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Meet Marvel and Phoenix
Meet Marvel and Phoenix
6 Dec 2002
(Source: Jet Propulsion Laboratory/University of Arizona)

Note: Information on the proposed Phoenix mission follows the Marvel news release.

James Hathaway,
Arizona State university
December 6, 2002

NASA has selected a proposal for a mission that would collect samples of martian atmospheric dust as one of four finalists for the first Mars Scout mission (see NASA press release). The proposal, directed by Arizona State University geologist and cosmochemist Laurie Leshin, will receive a $500,000 grant to complete its development prior to the agency's final selection process, which will begin next summer. The Mars Scout Program plans to mount at least one (and perhaps several) Scout missions to Mars beginning in 2007, with budgets of up to $300 million per mission.

Leshin's proposal is called "Sample Collection for Investigation of Mars" (SCIM), and involves a mission that would do a hit-and-run with the dusty Martian atmosphere. The proposed mission would perform the first return of a Martian sample at less cost, lower risk and in a shorter time frame than the far more complicated missions that will eventually be launched to collect samples from the planet's surface. For full details on the mission proposal, including images and animations, see

In brief, the proposal calls for a spacecraft to make a "high pass" of Mars, going within 25 miles of the planet's surface and to collect samples from the Martian atmosphere for about one minute at about 12,300 miles per hour, before swinging back and beginning the return to earth. On the spacecraft, a light-weight and porous high-tech substance known as "aerogel" would cushion, trap and preserve dust particles. The aerogel collection device is similar to the device on the Stardust mission to collect dust streaming off of a comet.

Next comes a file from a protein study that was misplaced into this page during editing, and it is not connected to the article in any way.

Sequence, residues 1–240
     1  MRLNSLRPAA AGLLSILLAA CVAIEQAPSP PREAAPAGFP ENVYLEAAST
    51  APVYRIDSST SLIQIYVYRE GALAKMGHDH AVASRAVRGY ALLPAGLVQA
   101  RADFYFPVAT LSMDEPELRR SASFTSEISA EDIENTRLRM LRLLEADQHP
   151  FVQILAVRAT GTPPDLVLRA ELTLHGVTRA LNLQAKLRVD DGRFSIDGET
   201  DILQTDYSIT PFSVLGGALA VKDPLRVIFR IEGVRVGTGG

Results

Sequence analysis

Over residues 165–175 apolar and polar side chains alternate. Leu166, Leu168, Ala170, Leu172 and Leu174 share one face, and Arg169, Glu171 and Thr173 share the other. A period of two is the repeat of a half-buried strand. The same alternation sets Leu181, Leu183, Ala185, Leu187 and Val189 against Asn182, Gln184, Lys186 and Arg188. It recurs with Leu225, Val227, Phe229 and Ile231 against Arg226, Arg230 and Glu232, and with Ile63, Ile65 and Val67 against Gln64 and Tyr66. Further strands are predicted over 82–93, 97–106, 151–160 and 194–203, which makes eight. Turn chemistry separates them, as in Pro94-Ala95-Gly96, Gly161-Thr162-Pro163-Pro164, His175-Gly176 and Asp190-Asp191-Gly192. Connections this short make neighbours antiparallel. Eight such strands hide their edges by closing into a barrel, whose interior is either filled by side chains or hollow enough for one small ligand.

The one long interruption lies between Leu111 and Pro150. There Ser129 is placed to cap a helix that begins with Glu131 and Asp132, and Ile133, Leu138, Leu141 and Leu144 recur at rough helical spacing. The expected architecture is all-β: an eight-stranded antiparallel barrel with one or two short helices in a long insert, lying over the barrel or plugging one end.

Leshin projects that the aerogel would capture about 1000 fine dust particles measuring 10 microns (1/100 of a millimeter) or larger. "Martian dust is an interesting thing because there is dust all over the Martian surface," said Leshin. "It's the ubiquitous layer - it's everywhere, yet we really know very little about it. It samples virtually the whole planet, yet it is so fine-grained that it is very hard to study when you're sitting there on the surface. You really need to bring it back to Earth to characterize it grain by grain. And each grain is like a little rock from Mars."

Dr. Leshin is currently at the American Geophysical Union meeting in San Francisco, but can be reached by cellular phone at 602-430-0067, or in her hotel at 415-771-1400, room 4282.

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Last Updated: 10 Dec 2002